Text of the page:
Photo by Polina Tankilevitch on Pexels
Photo by Polina Tankilevitch on Pexels

These findings contradict the assumption that we learn more when out of our comfort zone. Deep and clear learning truly occurs when we feel safe, because that’s when our neural pathways are most concentrated and open to creativity, productivity and clarity. Thus, feedback is best given when we’re in balance and in the flow.


Success, Like Most Things in Life, is Personal

What is excellence to you? How can we define success in our society, personal relationships, and in the workplace? Even if we seem to accept the idea that success is universally measured (eg. when someone achieves a high financial or career status), does this mean that the Average Joe, low-wage, blue-collar worker should be seen as a failure in some people’s eyes?


This myth is out of date. Maybe Average Joe is excellent at what he does and pretty fulfilled with his job, whereas a so-called successful executive with a 6-figure salary might be lonely and depressed.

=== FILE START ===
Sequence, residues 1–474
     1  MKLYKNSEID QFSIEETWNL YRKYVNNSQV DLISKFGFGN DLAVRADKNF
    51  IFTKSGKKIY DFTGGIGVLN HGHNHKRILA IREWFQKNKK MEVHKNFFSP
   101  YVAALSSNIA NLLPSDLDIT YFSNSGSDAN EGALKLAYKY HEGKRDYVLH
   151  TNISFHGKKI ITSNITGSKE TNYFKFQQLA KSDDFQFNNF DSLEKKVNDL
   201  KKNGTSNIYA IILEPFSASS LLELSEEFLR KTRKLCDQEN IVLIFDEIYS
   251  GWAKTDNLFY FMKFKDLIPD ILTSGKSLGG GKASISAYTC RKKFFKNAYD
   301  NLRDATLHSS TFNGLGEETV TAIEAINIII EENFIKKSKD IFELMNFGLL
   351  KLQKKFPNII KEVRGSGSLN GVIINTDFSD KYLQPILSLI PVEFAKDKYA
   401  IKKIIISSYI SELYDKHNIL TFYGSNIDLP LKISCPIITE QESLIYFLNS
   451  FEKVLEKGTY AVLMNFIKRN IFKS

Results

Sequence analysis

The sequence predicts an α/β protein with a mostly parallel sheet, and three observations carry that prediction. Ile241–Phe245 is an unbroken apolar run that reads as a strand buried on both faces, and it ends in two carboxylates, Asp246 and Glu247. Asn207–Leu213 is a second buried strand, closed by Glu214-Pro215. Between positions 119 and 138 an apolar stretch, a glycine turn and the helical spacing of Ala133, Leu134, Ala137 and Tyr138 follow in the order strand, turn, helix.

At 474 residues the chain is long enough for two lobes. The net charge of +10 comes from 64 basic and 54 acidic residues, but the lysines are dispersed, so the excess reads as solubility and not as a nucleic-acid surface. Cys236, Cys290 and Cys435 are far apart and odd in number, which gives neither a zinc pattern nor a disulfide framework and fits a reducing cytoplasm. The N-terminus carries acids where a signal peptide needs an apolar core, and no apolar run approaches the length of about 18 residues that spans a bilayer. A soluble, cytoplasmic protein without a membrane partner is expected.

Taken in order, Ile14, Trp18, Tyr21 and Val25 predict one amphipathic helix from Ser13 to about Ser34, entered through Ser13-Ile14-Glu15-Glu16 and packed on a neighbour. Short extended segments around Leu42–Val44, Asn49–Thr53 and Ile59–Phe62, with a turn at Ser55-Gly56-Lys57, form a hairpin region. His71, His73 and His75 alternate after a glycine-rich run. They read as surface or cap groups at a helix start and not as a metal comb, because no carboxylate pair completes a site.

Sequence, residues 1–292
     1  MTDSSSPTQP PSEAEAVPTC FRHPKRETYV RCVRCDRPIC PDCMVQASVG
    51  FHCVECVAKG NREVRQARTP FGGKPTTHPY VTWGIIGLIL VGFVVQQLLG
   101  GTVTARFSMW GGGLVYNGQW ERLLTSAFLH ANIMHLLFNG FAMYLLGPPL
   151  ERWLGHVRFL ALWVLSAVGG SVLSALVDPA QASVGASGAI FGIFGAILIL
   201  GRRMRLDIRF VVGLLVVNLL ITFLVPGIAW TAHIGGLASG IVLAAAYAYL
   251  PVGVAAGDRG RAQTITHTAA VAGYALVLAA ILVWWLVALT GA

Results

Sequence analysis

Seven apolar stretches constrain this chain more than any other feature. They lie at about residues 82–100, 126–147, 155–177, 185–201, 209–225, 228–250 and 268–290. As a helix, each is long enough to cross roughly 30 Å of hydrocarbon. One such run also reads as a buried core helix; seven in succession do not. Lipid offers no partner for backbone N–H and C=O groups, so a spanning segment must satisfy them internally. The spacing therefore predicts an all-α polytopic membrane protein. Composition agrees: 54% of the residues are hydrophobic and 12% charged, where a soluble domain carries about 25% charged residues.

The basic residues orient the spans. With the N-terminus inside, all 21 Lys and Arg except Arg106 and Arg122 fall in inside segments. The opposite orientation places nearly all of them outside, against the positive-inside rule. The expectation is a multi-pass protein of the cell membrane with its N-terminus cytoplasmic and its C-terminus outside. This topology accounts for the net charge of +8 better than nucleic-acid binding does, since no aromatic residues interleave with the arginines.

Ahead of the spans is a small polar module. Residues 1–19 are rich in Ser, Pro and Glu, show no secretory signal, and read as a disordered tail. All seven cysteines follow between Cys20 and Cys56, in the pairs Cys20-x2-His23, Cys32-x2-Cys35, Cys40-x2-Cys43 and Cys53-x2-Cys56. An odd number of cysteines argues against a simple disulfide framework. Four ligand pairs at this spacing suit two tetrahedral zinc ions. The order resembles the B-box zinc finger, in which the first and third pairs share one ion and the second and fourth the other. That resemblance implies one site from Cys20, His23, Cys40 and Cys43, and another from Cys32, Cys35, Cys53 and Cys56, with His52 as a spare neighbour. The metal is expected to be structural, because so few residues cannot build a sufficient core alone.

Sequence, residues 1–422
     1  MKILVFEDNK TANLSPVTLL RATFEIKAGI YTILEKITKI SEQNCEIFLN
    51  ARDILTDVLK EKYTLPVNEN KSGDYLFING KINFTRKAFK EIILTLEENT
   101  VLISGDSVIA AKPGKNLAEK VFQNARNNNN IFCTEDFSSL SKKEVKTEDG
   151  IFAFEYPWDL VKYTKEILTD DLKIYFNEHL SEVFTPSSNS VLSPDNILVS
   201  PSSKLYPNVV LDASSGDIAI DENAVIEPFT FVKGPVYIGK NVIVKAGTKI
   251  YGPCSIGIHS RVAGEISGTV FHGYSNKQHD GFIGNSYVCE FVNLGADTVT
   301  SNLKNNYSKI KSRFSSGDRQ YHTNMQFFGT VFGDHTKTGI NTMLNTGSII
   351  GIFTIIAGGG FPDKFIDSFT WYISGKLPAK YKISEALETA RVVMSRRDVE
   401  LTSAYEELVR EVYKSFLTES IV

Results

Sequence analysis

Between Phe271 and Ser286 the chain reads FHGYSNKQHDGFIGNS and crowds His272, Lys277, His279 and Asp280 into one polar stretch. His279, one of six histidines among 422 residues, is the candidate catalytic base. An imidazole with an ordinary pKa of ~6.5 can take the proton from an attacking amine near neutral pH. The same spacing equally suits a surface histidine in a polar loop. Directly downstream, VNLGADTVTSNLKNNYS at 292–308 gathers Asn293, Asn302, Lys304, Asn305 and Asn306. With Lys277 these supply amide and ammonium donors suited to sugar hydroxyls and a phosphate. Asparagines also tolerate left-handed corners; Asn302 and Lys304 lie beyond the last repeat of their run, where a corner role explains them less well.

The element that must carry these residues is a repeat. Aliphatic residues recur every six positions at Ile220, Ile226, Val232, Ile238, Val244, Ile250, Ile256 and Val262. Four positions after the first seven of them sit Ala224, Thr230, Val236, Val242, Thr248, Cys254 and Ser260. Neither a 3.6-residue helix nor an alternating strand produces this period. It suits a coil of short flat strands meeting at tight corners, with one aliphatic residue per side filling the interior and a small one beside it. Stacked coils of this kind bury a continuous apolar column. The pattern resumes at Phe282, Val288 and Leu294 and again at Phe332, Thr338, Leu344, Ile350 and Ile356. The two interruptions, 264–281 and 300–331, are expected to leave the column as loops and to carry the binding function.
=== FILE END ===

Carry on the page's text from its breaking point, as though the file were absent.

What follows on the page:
Success and excellence are simple and natural expressions of human endeavors. Failure has nothing to do with “why people don’t succeed.” They aren’t antonyms. Learning about failure won’t teach us about what we shouldn’t be doing or fix our gaps in order to succeed.

Photo by Michelle Leman on Pexels
Photo by Michelle Leman on Pexels

The best way to study patterns of success is to learn about excellence, not about failure. Excellence is subjective and cannot be taught because we’re all different and unique. Feedback, thus, should be approached in a much simpler and more humanistic way. Look for positive outcomes and highlight them. Remember that our brains learn more when we’re shown what we’ve done well, instead of judging or criticizing how it should be.